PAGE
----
Thursday, March 28, 2013

Forgiveness, Part 1 - Self and Other


‘He insulted me, he hurt me, he defeated me, he robbed me.’ Those who think such thoughts will not be free from hate. ‘He insulted me, he hurt me, he defeated me, he robbed me.’ Those who think not such thoughts will be free from hate. – The Dhammapada

 
Then Peter came and said to him, “Lord, if another … sins against me, how often should I forgive? As many as seven times?” Jesus said to him, “Not seven times, but, I tell you, seventy-seven times.”NRSV

 

Yes, we can all stand to be a bit more forgiving, can’t we? It’s a capacity that spiritually-oriented individuals will likely recognize as being worthy of cultivation – for the sake of community, for the sake of relationships, for the sake of our own well-being, for the sake of the world. But even as we aspire to being more forgiving we might also wonder at the possibility of being too forgiving, thereby condoning bad behavior that serves nobody well in the long run. Is it even possible to be too forgiving? Should we finally say “enough is enough” after being sinned against for the seventy-eighth time? I hope this exploration of forgiveness will allow us to both see it with greater clarity and open up to it much more readily.

 

I get the sense that some people – either out of a genuinely felt need to be more forgiving, accepting, compassionate, etc., or in reaction to some internalized image of how the "ideally spiritual being" should behave – come to think that the role of the spiritual practitioner is to unquestioningly place everyone else’s perceived needs ahead of his or her own. With respect to us Buddhist practitioners, I suspect that this tendency frequently arises from a fundamentally dualistic way of thinking about ourselves. On the one hand we recognize and honor the wisdom of our bodhicitta – the awakening buddha-mind that we embody – and on the other hand we believe that we have this malicious and unwaveringly self-centered ego that is never to be trusted and never to be listened to. It’s rather strange, I think, that we should strive to rid ourselves of all dualistic thinking when we are looking at the world “out there” even as we continue to think of the world “in here” in such starkly dualistic terms!


 
 
 
 
The more reactionary tendency to place everyone else’s perceived needs ahead of our own might also arise from confusion resulting from a more superficial or even nihilistic interpretation of teachings related to emptiness, in general (nothing exists!), and no-self, in particular (I don’t exist!). Consider how a tendency to look at the world through such a lens might influence our reading of the following passage – one in which the Buddha encourages his followers to maintain a forgiving attitude towards even the most violent of individuals:

Monks, even if bandits were to carve you up savagely, limb by limb, with a two-handled saw, he among you who let his heart get angered even at that would not be doing my bidding. Even then you should train yourselves: ‘Our minds will be unaffected and we will say no evil words. We will remain sympathetic, with a mind of good will, and with no inner hate. We will keep pervading these people with an awareness imbued with good will and, beginning with them, we will keep pervading the all-encompassing world with an awareness imbued with good will — abundant, expansive, immeasurable, free from hostility, free from ill will.’ That's how you should train yourselves. – Majjhima Nikaya 21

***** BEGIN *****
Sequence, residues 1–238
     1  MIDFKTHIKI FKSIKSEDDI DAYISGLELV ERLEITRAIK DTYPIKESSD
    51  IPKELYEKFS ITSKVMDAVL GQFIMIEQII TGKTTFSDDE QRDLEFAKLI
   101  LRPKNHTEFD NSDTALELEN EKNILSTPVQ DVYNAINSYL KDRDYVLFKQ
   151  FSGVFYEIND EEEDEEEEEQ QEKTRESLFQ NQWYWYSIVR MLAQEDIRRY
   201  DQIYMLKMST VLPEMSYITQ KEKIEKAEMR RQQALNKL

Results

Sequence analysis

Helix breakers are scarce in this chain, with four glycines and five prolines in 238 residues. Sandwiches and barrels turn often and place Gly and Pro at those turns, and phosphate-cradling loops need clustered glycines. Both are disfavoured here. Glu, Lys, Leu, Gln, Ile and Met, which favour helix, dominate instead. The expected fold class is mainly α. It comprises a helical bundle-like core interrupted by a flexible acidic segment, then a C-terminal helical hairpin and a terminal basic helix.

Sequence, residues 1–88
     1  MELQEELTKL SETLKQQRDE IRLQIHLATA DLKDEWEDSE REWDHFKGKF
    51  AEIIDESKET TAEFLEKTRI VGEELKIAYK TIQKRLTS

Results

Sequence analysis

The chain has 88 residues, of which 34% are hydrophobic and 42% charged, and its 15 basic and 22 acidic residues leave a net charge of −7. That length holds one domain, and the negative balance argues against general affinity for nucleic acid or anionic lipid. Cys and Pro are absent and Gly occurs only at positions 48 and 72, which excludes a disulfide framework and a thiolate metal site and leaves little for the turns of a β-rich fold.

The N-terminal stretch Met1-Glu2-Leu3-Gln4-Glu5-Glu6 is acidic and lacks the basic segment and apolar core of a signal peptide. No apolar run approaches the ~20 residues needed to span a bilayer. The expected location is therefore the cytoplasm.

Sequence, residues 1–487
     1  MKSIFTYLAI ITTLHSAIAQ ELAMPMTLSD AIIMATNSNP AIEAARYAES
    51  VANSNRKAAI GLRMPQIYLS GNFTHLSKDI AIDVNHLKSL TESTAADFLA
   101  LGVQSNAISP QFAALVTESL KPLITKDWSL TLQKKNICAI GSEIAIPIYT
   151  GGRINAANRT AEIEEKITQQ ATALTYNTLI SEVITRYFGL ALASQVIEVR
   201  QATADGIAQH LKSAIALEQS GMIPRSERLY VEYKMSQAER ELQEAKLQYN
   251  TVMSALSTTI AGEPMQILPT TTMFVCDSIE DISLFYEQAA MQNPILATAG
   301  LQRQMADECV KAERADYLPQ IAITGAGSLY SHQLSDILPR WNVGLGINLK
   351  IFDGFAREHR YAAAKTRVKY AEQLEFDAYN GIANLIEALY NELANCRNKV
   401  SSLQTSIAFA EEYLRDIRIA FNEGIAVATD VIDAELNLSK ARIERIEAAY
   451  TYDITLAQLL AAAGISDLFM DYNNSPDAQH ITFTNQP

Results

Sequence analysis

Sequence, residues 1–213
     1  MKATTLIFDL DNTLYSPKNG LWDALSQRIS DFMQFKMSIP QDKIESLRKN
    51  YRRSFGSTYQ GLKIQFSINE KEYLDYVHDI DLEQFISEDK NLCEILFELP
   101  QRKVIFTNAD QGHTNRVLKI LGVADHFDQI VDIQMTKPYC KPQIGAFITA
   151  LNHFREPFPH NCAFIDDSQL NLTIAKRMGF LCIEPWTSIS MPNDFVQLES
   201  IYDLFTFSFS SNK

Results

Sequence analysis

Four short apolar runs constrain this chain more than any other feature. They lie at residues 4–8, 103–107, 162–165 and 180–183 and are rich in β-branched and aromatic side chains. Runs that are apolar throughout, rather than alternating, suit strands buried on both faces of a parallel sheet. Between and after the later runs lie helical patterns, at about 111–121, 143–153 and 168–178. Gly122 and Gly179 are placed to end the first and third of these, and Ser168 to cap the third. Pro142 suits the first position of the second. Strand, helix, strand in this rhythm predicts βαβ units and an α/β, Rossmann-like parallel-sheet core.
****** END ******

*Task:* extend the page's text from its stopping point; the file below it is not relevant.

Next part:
Despite containing quite an extreme hypothetical situation, this passage does indeed contain some very practical lessons for our modern world. One lesson to be gleaned is that, once you recognize that you can no longer escape from whatever abusive situation you might find yourself in, then feelings of hatred, enmity, and anger are pretty useless to entertain. Another lesson relates to the “even if” phrase of the first sentence. We can, in fact, approach all situations in this way – without hatred, enmity, or anger towards either the situation or those responsible for creating it. However, nothing in this passage suggests that we should willingly place ourselves in the hands of those who would abuse us. Thus, if anyone finds him or herself being approached by bandits wielding saws, then I hope they will run as fast and as far as they can without a single thought of hatred, enmity, or anger entering into their adrenaline-fueled brain. Likewise, if anyone finds him or herself in an abusive situation, then I hope they will take wise and compassionate action to either correct the situation or else extricate themselves from it – without a single thought of hatred, enmity, or anger crossing their minds. Ah, but isn’t that a tall order!

 
Why don’t we take a moment to consider a situation much more common than forced dismemberment – that of a woman or man presented with the reality that her or his partner continues to be unfaithful, untrustworthy, and insensitive in their relationship. Here’s a great Lyle Lovett song from his eponymous 1986 release – performed here by Patty Loveless:
 

 

 

God Will

Who keeps on trusting you

When you've been cheating

And spending your nights on the town

And who keeps on saying

That he still wants you

When you're through running around

And who keeps on loving you

When you've been lying

Saying things ain't what they seem

God does

But I don't

God will

But I won't

And that's the difference

Between God and me

 
So who says he'll forgive you

And says that he'll miss you

And dream of your sweet memory

God does

But I don't

God will

But I won't

And that's the difference

Between God and me